We woke up on Christmas morning and exchanged presents together in bed, that was about as Christmassy as i felt all day. The weather was light, it just didn't feel right, and was very warm - and not in a 'cosy open fire and lots of cooking' kind of way. It felt quite alien, which was positive really as it felt so unchristmassy that I didn't feel many bangs of homesickness that I was worried I would feel at the time of year which I always spent with my family. As James said we played tennis (I played surprising well for me) and went swimming. Then we spent lunch and the rest of the day with Nic's family, which was very strange. They were very welcoming and friendly but it did feel weird to watch other people opening their presents and have no presents at all, just being an onlooker of someone else's Christmas.
The dinner was delicious - a proper turkey dinner with some wonderful desserts and though the whole day had been strange we did enjoy ourselves and met some real characters.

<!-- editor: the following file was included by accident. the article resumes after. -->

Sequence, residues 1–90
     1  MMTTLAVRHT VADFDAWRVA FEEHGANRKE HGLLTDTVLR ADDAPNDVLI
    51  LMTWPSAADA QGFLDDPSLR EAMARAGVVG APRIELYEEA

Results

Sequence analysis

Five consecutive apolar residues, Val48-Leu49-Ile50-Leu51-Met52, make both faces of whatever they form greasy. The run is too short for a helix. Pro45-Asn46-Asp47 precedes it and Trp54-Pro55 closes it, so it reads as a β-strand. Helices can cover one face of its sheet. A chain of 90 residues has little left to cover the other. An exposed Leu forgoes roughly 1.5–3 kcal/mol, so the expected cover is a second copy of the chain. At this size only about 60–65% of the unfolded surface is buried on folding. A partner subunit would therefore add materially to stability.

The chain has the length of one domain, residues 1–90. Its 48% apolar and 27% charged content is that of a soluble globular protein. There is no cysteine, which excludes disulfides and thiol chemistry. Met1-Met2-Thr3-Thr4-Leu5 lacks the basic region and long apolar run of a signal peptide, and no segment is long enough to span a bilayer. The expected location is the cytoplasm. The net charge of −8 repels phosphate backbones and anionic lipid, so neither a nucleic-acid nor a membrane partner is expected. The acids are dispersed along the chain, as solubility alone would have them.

Two days after Christmas I skyped home, when Mum and Dad were holding a Birthday party for my Grandad and they all passed me round on the laptop and I got to speak to all my aunt's, uncle's and cousins as well as my parents and grandparents. Being passed around and seeing the open fire and the Christmas tree, and with the darkness in the windows outside, I felt more Christmas spirit than before, and had that warm feeling inside that had been missing up until then, and I spent a lovely few hours with them.

All I can say I'm really glad that I have skype. It has made a big difference, the distance seems so much smaller and I'm sure I'm talking to my parents more than when I lived in England and we're 'seeing' each other more regulary. So anyone who hasn't got it yet - go on and get it.



Those poor dogs, like they get to choose to look like that!

Iain and Donna's return to NZ and New Year to come..................